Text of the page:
“There is clearly no lawful basis for such interference, which conduct, by its very nature, amounts to spoliation,” Hlatshwayo wrote in the papers.

Lands and Resettlement Minister Didymus Mutasa said the judge had been given alternative land as compensation for the farm that Grace Mugabe wants to have. Mutasa opposes the judge’s affidavit.

Hlatshwayo said he had been operating his farm in “quiet, undisturbed, peaceful possession, occupation and production” since it was allocated to him.


Oh boy, oh boy, what a can of worms we are opening up here! Phew, where  does one even start?!

The woman has notoriously muscled other people off their farm before. This latest move would confirm her as a “multiple farm owner,” which her husband has repeatedly said was un-acceptable greed and which he has claimed his widely-condemned land reform effort was partly meant to correct. Hypocrisy!

Is this the state of land tenure in Zimbabwe today? Can some person see a piece of land s/he likes, walk over to it, order the occupier off and take it over on a whim because she is the spouse of the president or some other official? Is this how things now officially “work” in Zimbabwe in regards to land tenure? Is this a sign of the ‘achievements’ of the land ‘revolution?’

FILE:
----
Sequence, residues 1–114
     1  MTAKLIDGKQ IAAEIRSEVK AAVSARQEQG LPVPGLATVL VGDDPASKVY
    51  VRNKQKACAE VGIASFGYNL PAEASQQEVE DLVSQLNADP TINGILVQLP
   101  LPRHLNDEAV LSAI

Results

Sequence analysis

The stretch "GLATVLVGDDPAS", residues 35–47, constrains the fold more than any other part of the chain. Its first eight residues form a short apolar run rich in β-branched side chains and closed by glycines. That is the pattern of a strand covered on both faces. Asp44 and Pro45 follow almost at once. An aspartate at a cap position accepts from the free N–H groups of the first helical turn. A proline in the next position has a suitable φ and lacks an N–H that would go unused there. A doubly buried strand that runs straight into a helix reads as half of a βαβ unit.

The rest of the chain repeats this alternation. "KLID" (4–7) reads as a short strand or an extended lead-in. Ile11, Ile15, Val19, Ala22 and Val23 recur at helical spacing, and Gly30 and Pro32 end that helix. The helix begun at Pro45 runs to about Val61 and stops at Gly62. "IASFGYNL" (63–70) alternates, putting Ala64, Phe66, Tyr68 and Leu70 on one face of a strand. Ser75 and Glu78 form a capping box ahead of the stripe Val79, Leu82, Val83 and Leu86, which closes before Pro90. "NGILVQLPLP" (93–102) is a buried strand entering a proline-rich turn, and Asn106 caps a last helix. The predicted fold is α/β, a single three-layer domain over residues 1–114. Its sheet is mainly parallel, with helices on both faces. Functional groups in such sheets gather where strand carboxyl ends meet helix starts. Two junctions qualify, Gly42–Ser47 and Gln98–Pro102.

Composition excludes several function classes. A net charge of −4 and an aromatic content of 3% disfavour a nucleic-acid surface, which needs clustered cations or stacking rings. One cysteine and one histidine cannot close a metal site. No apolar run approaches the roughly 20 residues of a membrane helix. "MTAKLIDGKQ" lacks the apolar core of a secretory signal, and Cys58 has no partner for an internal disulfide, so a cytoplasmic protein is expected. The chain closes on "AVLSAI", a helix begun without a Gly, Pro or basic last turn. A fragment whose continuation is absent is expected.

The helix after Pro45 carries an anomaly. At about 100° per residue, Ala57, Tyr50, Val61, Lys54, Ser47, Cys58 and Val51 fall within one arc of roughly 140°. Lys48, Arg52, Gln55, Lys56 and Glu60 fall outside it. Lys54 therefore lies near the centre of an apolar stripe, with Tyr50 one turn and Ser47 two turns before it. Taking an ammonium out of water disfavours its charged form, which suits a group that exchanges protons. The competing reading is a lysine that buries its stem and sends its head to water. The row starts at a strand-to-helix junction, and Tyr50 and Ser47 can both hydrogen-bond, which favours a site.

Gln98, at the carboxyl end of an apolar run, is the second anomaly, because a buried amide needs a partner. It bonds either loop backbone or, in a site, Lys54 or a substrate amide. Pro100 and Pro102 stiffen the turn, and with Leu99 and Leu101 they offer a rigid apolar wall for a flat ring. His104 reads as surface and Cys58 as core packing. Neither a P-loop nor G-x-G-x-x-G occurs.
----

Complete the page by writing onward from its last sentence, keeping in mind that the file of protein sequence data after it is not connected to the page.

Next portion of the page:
Why should anyone, Zimbabwean or foreigner, make any serious investment in farming (or really anything else) with this shocking example of insecurity of land tenure?

As for the judge in question here, he got his farm in similar circumstances to those under which he risks losing it, an almost poetic kind of justice. He can justly claim that in his case the previous white owner lost it (and he gained it) under a broad, deliberate and now legalised government thrust to settle Zimbabwe’s long-festering ‘land question,’ but for a high court judge, that seems a rather thin argument.